The work on the luminosity function of AGN at hardest X-rays (Beckmann et al. 2006d) had a large impact on our understanding of the cosmic X-ray background. As this was the first study of its kind, it showed for the first time that indeed the fraction of highly obscured Compton thick AGN is much lower than expected before the launch of INTEGRAL and Swift. The X-ray luminosity function we revealed is indeed not consistent with the source population seen by INTEGRAL (Beckmann et al. 2006a, 2009d; Sazonov et al. 2007) and Swift (Tueller et al. 2008) being the only contributors to the cosmic hard X-ray background. Thus other sources outside the parameter space observable by these missions have to contribute significantly to the cosmic X-ray background. Our work on the luminosity function triggered several other studies on this issue. The subsequent derived luminosity functions by other groups (Sazonov et al. 2007; Tueller et al. 2008; Paltani et al. 2008) are consistent with our findings.

This also gave rise to an increased interest in the exact shape of the Cosmic X-ray background around its peak at 30 keV, triggering several attempts to a new measurement. Background studies were presented based on a Earth-occultation observation by INTEGRAL (Churazov et al. 2007, 2008; Türler et al. 2010) and by Swift (Ajello et al. 2008).

The understanding of the emission processes in AGN requires knowledge over a wide range of the spectral energy distribution (SED). In studies using CGRO/EGRET and Fermi/LAT data I derived the SED for blazars and non-blazars towards the gamma-ray range (Beckmann 2003; Beckmann et al. 2004b, 2010b). The work on the LAT data not only presented the gamma-ray detection of five gamma-ray blazars (QSO B0836+710, RX J1111.5+3452, H 1426+428, RX J1924.8-2914, and PKS 2149-306) for the first time, but also showed the potential in the combination of INTEGRAL and Fermi data. In the case of Cen A I derived the total energy output of the inverse Compton component based on the combined LAT, ISGRI, and JEM-X data, showing evidence for a spectral break at several hundred keV (Beckmann et al. 2010b).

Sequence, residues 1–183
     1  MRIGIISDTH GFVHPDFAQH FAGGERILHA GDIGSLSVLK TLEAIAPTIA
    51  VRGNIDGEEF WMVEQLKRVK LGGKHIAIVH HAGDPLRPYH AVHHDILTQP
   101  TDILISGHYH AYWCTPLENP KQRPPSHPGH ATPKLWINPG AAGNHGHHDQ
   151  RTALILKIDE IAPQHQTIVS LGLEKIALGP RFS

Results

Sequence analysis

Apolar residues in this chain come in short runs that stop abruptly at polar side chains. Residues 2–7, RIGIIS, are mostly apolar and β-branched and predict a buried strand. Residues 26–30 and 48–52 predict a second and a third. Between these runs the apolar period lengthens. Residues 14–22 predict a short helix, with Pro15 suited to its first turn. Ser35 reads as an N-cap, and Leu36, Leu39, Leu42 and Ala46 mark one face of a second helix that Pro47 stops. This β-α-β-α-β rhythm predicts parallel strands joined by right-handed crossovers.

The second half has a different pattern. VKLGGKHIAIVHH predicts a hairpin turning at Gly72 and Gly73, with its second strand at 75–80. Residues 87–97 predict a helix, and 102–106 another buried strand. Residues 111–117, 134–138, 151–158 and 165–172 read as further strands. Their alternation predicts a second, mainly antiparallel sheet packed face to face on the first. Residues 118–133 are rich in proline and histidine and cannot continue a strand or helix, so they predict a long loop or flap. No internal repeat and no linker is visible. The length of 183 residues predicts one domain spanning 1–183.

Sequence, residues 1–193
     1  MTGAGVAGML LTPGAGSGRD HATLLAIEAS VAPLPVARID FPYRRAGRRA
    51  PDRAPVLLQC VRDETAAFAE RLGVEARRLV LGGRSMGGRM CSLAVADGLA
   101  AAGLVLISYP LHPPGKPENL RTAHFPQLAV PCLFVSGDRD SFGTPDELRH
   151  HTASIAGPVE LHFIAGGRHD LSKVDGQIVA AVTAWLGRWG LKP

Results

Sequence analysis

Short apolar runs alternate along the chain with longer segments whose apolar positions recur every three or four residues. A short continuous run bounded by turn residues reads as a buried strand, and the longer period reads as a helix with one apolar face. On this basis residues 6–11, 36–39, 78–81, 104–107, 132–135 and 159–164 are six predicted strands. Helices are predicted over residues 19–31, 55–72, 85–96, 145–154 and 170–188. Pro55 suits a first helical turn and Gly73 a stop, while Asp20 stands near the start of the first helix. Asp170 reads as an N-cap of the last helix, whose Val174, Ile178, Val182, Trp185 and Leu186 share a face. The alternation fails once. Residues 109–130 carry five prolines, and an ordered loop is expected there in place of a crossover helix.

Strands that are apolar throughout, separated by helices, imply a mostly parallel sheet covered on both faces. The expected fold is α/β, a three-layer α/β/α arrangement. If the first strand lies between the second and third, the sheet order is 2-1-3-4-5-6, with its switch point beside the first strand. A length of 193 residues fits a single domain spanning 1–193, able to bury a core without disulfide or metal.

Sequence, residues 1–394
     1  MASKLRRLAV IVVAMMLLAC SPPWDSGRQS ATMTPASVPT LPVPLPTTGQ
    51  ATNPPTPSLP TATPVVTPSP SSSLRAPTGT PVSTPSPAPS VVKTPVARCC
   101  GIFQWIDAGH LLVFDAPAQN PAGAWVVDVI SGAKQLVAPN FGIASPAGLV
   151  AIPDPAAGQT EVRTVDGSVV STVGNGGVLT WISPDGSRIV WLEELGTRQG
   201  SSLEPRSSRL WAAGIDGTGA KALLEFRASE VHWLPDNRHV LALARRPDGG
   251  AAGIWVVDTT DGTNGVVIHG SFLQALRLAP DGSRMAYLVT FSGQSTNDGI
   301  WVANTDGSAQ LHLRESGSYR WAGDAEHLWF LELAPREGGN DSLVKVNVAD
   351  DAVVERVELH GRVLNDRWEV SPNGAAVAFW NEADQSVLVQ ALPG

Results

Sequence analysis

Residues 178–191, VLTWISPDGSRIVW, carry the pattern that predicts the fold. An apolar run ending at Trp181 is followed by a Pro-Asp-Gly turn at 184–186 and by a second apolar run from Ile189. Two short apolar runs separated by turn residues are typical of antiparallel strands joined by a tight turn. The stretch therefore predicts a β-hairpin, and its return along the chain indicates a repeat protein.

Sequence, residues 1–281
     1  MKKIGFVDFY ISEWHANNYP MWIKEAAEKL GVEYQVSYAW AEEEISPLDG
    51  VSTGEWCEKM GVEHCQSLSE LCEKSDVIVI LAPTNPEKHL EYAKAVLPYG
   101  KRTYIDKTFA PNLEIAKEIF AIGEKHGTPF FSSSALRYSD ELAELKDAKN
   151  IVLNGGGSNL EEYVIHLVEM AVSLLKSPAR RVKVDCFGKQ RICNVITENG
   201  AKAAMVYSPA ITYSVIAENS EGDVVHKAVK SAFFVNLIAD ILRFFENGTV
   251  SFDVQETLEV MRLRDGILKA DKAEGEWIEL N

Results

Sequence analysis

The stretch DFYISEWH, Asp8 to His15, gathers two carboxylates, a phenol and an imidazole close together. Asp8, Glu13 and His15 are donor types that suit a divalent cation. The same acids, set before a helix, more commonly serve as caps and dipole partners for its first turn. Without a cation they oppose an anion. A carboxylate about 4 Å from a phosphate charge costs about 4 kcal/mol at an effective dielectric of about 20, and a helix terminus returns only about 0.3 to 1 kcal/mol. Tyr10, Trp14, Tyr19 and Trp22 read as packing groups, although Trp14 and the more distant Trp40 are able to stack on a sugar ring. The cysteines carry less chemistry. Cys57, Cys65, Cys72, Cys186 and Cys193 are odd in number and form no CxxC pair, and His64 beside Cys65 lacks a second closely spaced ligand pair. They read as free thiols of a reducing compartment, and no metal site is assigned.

In addition I successfully showed that gamma-ray blazars can be predicted through the study of their synchrotron branch at energies below 2 keV (Beckmann 2003 and this work).

Contributions of mine to research in fields other than AGN include the study of INTEGRAL detected gamma-ray bursts (e.g. Beckmann et al. 2003a, 2004a, 2008b, 2009a). Here and in collaboration with other colleagues I showed the potential of INTEGRAL data on GRB research. In the field of Galactic X-ray binaries I published one of the first Swift results on a newly discovered highly absorbed HMXB, IGR J16283-4838 (Beckmann et al. 2005a, 2006b). I also contributed significantly to analysis of many other Galactic sources, as shown in Section 4.6.1.

1 :  APC - UMR 7164 - AstroParticule et Cosmologie
APC - AHE
Planète et Univers/Astrophysique
AGN – X-rays – Seyfert – INTEGRAL – Unification – active galactic nuclei – blazars